A mindfulness cue is just a reminder to pause, breathe, and gain full awareness of the situation. Each time you notice the cue, you take that mindfulness break. There are many repetitive actions in crochet and knitting that provide the perfect opportunity to act as mindfulness cues. For example, each time that you place or remove your stitch marker could be your mindfulness cue.
Choose a cue that happens regularly but not so often that it would be impossible to pause each time. For example, in crochet, puff stitches happen regularly but not all of the time. Double crochet on the other hand, occurs to often to be a good mindfulness cue. Other cues might be when ending a row, starting a new round, or changing colors in a project.
Set of Suns Scrubby, free crochet pattern
4. Embrace Intentional Relaxation
Knitting and crochet naturally offer us relaxation. However, we can use mindfulness to enhance that relaxation. Throughout your craft session, remember to check in with your body. Is your breathing shallow or deep? Are your muscles loose or tense? Breathe deeply, drop your shoulders, and flex your finger muscles before you resume crafting. Pay attention to how you feel in your body, take cues to recognize how that relates to what’s happening in your mind, and use breathing and relaxation exercises to bring spaciousness to your craft experience.
Note: In mindfulness, we don’t try to change things, but instead accept what they are. However, if you experience craft pain, then you should definitely switch up your position or supplies to decrease that pain.
5. Say a Prayer or Mantra While Crafting
When you knit or crochet a traditional prayer shawl, you infuse it with a prayer for the person receiving the gift. You may say the prayer at the beginning of the project, then repeat it throughout the project, and finally include it in written or recorded form when you gift the shawl to someone. You can do this with any project, whether you typically pray or not. Hold someone specific in mind for each project, whether or not you intend to gift it to them, and focus on your love and caring for them as you craft. Similarly, you can repeat a mantra to help you focus on a goal in your own life. While this is not exactly the same as mindfulness practice, it’s a similar practice that encourages wellbeing and connectedness while you knit or crochet.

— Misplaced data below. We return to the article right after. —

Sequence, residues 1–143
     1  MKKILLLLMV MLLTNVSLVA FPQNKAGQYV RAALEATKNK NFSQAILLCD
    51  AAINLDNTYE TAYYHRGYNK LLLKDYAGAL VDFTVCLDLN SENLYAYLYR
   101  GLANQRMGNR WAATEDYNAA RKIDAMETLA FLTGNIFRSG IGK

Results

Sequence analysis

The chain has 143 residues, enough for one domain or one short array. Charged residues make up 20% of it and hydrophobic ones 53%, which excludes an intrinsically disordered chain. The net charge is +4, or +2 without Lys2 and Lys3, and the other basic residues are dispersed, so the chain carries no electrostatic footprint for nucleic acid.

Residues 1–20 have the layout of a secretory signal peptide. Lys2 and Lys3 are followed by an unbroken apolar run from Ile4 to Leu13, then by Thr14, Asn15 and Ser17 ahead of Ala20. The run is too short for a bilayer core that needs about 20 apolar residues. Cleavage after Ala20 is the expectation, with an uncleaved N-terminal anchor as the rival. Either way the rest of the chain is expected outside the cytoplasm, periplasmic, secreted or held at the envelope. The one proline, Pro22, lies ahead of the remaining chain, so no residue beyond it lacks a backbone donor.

6. Stitch Slowly, Deliberately, and With Attention
Many of us get into the routine of knitting or crochet and stitch very quickly. This can be a wonderfully meditative experience in its own right. However, when practicing mindfulness, you might try to slow down. In fact, practice doing your stitches as slowly as possible. This isn’t a race to get to the end of the project; it’s a journey and creative process towards consistently being fully present in the moment. Try to notice the detail of each part of a stitch – really look at what it means to yarn over, pull through, and yarn over again. What happens to your hook, your hands, the plies in the yarn as you do this?
Comforting Shawl free crochet pattern
7. Give Gratitude Through Yarn
The practice of gratitude is a great adjunct to the practice of mindfulness. In mindfulness, we notice what is happening, and we accept it. For example, if I feel grumpy, I don’t try to change my grumpy mood but instead observe it without attachment, thinking to myself, “hm, I’m grumpy, that’s interesting.” I might go further and explore what it feels like in my body to be grumpy. I feel itchy, restless, or sore. I realize that this feeling will pass. I mindfully watch to see what happens.
In gratitude practice, we don’t just notice what happens in our lives, but we actively give thanks for every situation. We notice those things that we appreciate and we are grateful for them. We also recognize that the struggles may offer benefits we can’t yet see and we try to be grateful for those as well. Practice gratitude through yarn by giving thanks for something at the start of each row or round of your work.
Learn More About Yarn-Based Mindfulness
I have written more extensively about mindfulness crochet in two of my books: Crochet Saved My Life and Hook to Heal, both of which include mindfulness exercises for crocheters. You can also find mindfulness crochet projects in the book Crochet Therapy by Bestan Corkhill. Knitters may find additional insight from the book Mindfulness and Knitting by Rachael Matthews and Mindful Knitting by Tara Jon Matthews.